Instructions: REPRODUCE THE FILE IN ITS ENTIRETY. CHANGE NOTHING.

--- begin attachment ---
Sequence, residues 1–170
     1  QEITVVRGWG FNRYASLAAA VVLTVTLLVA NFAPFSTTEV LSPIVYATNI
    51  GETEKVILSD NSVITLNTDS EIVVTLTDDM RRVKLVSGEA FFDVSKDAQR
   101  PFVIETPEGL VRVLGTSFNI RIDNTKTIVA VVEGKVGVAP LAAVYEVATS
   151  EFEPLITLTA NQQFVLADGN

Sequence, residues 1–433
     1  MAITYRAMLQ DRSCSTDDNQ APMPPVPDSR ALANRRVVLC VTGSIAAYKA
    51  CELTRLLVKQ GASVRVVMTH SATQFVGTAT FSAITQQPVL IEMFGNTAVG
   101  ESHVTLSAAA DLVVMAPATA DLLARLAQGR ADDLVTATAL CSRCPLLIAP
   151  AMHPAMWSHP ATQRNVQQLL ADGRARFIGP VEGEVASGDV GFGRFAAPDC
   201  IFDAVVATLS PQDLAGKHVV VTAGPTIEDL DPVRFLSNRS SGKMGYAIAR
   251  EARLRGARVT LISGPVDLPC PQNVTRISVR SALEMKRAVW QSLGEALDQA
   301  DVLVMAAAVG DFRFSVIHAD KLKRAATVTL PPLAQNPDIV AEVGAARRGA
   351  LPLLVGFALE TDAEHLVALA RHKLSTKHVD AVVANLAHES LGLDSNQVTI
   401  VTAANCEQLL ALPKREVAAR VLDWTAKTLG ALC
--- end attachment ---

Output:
Sequence, residues 1–170
     1  QEITVVRGWG FNRYASLAAA VVLTVTLLVA NFAPFSTTEV LSPIVYATNI
    51  GETEKVILSD NSVITLNTDS EIVVTLTDDM RRVKLVSGEA FFDVSKDAQR
   101  PFVIETPEGL VRVLGTSFNI RIDNTKTIVA VVEGKVGVAP LAAVYEVATS
   151  EFEPLITLTA NQQFVLADGN

Sequence, residues 1–433
     1  MAITYRAMLQ DRSCSTDDNQ APMPPVPDSR ALANRRVVLC VTGSIAAYKA
    51  CELTRLLVKQ GASVRVVMTH SATQFVGTAT FSAITQQPVL IEMFGNTAVG
   101  ESHVTLSAAA DLVVMAPATA DLLARLAQGR ADDLVTATAL CSRCPLLIAP
   151  AMHPAMWSHP ATQRNVQQLL ADGRARFIGP VEGEVASGDV GFGRFAAPDC
   201  IFDAVVATLS PQDLAGKHVV VTAGPTIEDL DPVRFLSNRS SGKMGYAIAR
   251  EARLRGARVT LISGPVDLPC PQNVTRISVR SALEMKRAVW QSLGEALDQA
   301  DVLVMAAAVG DFRFSVIHAD KLKRAATVTL PPLAQNPDIV AEVGAARRGA
   351  LPLLVGFALE TDAEHLVALA RHKLSTKHVD AVVANLAHES LGLDSNQVTI
   401  VTAANCEQLL ALPKREVAAR VLDWTAKTLG ALC